Crisis Resolution and Bank Liquidity
What is the effect of financial crises and their resolution on banks' choice of liquid asset holdings? When risky assets have limited pledgeability and banks have relative expertise in employing risky assets, the market for these assets clears only at fire-sale prices following a large number of bank failures. The gains from acquiring assets at fire-sale prices make it attractive for banks to hold liquid assets. We show that the resulting choice of bank liquidity is counter-cyclical, inefficiently low during economic booms but excessively high during crises, and present and discuss evidence consistent with these predictions. Since inefficient users may enter asset markets when prices fall sufficiently, interventions to resolve banking crises may be desirable ex post. However, policies aimed at resolving crises affect ex-ante bank liquidity in subtle ways: while liquidity support to failed banks or unconditional support to surviving banks in acquiring failed banks give banks incentives to hold less liquidity, support to surviving banks that is conditional on their liquid asset holdings creates incentives for banks to hold more liquidity.
This paper was circulated earlier under the title "Fire Sales, Foreign Entry and Bank Liquidity." We are grateful to Franklin Allen, Heitor Almeida, Giacinta Cestone (discussant), Douglas Gale, Alan Morrison (discussant), Leonard Nakamura, Raghuram Rajan, Tano Santos (discussant), Ellis Tallman and Matthew Willison for their suggestions, to seminar participants at London Business School, Bank of England, University of Durham, International Conference on Asset Prices and Firm Policies in June 2006 in Verona, Workshop on Banking, Risk and Regulation hosted by BCBS and FDIC in May 2007, the UniCredit Group Conference on Banking in Finance in December 2007 in Naples and the American Finance Association Meetings in January 2009 for their comments, and to Yili Zhang for excellent research assistance. All errors remain our own. The views expressed here are those of the authors and do not necessarily represent the views of the Federal Reserve Bank of New York, the Federal Reserve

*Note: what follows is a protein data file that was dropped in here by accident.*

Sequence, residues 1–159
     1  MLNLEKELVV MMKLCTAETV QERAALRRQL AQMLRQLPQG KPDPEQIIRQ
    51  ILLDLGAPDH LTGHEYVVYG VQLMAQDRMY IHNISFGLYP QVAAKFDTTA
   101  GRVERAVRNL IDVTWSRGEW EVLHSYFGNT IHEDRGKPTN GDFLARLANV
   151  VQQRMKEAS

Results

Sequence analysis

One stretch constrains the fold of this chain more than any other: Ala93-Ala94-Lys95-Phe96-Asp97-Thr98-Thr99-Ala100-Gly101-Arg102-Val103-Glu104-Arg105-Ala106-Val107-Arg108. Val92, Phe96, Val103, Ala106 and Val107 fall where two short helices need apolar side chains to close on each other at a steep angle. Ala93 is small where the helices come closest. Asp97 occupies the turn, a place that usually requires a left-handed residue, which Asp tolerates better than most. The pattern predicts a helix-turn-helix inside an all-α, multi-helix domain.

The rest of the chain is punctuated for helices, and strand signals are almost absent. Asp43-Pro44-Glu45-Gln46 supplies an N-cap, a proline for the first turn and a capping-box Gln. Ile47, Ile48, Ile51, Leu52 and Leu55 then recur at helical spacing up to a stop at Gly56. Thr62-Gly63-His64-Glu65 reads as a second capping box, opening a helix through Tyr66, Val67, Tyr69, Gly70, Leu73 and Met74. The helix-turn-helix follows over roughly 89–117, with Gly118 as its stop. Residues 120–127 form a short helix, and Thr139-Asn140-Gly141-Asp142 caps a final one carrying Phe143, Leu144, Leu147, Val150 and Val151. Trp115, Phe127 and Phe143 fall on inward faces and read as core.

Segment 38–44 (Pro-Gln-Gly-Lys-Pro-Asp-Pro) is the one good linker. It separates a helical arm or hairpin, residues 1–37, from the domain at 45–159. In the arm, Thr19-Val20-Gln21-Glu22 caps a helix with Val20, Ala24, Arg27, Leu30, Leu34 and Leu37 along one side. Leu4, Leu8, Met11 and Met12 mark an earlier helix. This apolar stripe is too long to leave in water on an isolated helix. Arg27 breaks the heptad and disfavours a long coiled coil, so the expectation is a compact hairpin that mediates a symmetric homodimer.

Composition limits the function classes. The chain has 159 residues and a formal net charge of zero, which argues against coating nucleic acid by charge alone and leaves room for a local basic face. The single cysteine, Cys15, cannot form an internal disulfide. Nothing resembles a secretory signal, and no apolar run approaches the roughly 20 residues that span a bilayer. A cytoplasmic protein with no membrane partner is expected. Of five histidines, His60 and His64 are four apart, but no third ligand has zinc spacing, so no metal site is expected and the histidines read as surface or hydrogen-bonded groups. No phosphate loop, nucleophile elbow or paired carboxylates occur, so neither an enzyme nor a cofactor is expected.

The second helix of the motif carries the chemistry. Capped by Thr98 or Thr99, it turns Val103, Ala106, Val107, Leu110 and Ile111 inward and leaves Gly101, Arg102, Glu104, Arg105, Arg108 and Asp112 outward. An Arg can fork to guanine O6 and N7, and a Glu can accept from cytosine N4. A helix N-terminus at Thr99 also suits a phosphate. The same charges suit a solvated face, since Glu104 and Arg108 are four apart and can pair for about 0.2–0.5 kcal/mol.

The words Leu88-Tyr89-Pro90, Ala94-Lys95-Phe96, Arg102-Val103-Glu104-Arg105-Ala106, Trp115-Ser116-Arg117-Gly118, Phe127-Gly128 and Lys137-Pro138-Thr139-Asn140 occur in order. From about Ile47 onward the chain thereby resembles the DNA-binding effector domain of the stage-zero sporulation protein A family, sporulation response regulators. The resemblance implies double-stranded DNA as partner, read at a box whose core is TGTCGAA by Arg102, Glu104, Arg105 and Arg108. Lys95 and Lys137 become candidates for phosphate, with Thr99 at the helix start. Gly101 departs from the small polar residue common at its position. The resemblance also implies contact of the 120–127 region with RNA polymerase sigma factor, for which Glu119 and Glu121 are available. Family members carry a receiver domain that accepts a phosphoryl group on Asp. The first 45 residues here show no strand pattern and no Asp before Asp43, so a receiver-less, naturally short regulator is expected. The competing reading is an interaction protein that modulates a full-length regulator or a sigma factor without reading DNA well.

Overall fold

System, or the National Bureau of Economic Research.
Viral V. Acharya & Hyun Song Shin & Tanju Yorulmazer, 2011. "Crisis Resolution and Bank Liquidity," Review of Financial Studies, Society for Financial Studies, vol. 24(6), pages 2166-2205. citation courtesy of